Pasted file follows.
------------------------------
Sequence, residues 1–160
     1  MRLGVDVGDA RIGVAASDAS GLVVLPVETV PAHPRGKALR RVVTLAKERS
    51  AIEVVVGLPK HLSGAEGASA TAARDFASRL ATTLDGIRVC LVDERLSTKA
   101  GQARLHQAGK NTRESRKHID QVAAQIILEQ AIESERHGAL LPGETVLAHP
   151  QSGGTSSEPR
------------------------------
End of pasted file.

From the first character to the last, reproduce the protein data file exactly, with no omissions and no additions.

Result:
Sequence, residues 1–160
     1  MRLGVDVGDA RIGVAASDAS GLVVLPVETV PAHPRGKALR RVVTLAKERS
    51  AIEVVVGLPK HLSGAEGASA TAARDFASRL ATTLDGIRVC LVDERLSTKA
   101  GQARLHQAGK NTRESRKHID QVAAQIILEQ AIESERHGAL LPGETVLAHP
   151  QSGGTSSEPR